International Fleet review

© 2005 FrontLine Defence (Vol 2, No 5)

June 2005 – Portsmouth, UK – At the invitation of the Royal Navy, about 160 vessels from more than 35 countries participated in a rare event that dates back 600 years.

Britain and the Royal Navy celebrated the 200th anniversary of the Battle of Trafalgar with a number of events, including the International Fleet Review, as part of SeaBritain 2005 honouring Britain’s maritime heritage. 

HMCS Montreal represented Canada.

The last Fleet Review took place 28 years ago for the Queen’s Silver Jubilee in 1977, with 19 nations taking part. This year’s Review included a wide variety of ­warships, merchant ships, tall ships, small private boats, helicopters and other aircraft in sail and flypasts.

In addition to commemorating the achievements of Admiral Lord Nelson and his victory at Trafalgar, Trafalgar 200 recognized the strong maritime bonds of friendship and heritage among so many countries.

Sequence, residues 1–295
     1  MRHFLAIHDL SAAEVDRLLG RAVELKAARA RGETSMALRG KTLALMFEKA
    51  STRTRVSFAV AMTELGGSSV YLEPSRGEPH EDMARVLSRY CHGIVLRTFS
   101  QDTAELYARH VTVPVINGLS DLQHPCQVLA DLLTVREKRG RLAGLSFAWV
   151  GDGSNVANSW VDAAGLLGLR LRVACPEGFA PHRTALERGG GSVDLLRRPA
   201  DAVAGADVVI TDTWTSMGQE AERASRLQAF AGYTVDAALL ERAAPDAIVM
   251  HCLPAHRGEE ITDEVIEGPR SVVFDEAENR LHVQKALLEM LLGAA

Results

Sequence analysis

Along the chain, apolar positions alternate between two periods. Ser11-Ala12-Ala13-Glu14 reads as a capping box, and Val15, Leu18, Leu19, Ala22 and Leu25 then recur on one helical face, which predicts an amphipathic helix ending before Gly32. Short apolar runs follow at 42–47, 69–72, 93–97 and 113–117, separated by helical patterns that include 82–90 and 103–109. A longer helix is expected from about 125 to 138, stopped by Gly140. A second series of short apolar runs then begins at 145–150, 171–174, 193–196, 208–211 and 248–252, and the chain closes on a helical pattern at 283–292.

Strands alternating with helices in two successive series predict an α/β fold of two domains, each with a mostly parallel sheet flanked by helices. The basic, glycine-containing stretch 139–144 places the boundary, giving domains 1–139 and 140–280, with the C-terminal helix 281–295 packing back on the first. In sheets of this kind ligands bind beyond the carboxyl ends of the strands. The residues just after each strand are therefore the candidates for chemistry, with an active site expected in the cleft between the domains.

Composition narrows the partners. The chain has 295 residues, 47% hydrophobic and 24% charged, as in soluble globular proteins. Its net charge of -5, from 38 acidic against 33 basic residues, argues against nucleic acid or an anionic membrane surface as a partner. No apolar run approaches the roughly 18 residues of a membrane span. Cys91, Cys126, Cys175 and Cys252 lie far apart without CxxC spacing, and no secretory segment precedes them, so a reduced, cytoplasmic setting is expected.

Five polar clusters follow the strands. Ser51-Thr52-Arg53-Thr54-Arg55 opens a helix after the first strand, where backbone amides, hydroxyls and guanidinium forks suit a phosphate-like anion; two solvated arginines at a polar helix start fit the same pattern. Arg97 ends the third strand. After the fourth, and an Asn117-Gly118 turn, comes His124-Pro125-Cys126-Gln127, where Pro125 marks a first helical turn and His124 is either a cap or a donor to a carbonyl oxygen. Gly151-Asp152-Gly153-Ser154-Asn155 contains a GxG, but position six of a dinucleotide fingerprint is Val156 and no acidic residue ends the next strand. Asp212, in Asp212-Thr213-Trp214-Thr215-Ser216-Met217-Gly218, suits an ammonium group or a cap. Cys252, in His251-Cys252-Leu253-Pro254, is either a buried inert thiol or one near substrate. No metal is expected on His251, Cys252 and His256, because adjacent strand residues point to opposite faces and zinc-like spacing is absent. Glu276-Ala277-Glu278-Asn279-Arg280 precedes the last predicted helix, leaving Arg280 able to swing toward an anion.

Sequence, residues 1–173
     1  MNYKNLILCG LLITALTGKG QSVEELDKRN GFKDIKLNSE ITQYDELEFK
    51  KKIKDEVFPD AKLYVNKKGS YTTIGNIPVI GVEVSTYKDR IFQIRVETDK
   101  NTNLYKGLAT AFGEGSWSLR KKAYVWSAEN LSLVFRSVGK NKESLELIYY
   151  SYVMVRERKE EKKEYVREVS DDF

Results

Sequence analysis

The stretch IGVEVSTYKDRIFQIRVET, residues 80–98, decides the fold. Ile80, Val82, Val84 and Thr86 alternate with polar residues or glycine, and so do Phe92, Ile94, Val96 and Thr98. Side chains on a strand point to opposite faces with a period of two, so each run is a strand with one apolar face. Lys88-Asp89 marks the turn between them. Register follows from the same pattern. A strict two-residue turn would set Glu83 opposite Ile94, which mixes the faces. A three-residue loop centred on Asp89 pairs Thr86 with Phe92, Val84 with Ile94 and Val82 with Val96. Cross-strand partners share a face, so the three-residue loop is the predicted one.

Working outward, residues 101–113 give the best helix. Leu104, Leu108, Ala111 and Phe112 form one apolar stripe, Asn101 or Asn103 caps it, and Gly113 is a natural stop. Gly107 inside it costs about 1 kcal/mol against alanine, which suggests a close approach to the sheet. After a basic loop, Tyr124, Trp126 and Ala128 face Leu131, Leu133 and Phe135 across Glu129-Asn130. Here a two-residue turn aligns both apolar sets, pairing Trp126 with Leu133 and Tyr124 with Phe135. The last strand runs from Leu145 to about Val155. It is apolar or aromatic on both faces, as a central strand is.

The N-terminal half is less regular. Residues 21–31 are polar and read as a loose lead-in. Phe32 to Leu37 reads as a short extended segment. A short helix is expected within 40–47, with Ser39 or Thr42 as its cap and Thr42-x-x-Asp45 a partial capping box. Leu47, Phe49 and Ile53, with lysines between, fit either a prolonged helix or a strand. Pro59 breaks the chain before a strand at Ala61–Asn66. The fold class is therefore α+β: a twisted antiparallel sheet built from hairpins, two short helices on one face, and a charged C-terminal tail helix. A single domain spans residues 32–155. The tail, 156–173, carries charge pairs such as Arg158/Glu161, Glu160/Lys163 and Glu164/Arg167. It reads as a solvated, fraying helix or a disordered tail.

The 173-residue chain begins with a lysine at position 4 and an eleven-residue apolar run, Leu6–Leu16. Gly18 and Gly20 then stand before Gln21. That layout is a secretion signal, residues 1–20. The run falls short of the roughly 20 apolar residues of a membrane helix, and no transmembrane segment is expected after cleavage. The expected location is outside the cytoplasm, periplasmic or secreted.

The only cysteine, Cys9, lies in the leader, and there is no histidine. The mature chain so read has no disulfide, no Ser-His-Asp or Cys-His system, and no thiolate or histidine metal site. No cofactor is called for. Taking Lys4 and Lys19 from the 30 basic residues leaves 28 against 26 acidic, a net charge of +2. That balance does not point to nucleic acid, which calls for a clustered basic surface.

The program included a Fleet Review by Her Majesty The Queen, a fly past, a sail past, an air display, a re-enact­ment of a 19th century sea battle, a fireworks display, and lighting up of “The Fleet.”

The French Navy sent the largest contingent (six ships), and also the biggest ship, the nuclear-powered aircraft carrier Charles de Gaulle. 

One of the highlights of the celebrations included the re-enactment of a 19th century sea Battle

HMCS Montreal was fortunate to be one of the five ships to follow Her Majesty as she reviewed the lines of vessels. This gave all onboard the Canadian ship an insight into the old Anglo-French rivalry (at this time London and Paris were also competing to stage the 2012 Olympic Games). As the Queen passed the Charles de Gaulle fired off a 21-gun salute and then broadcast the French national anthem, La Marseillaise. The Royal Marines on HMS Endurance responded with the unmistakable Monty Python theme tune. I was too far away, on the Montreal, to see Her Majesty smile, but Prince Philip could be seen throwing his head back in laughter.

On 20 October this year, the actual anniversary of the battle, there will be a commemoration of the victory and of Nelson’s death. Just as the news was flashed across England then, bonfires will be lit, followed by a national service at St. Paul’s Cathedral.    

– Peter Pigott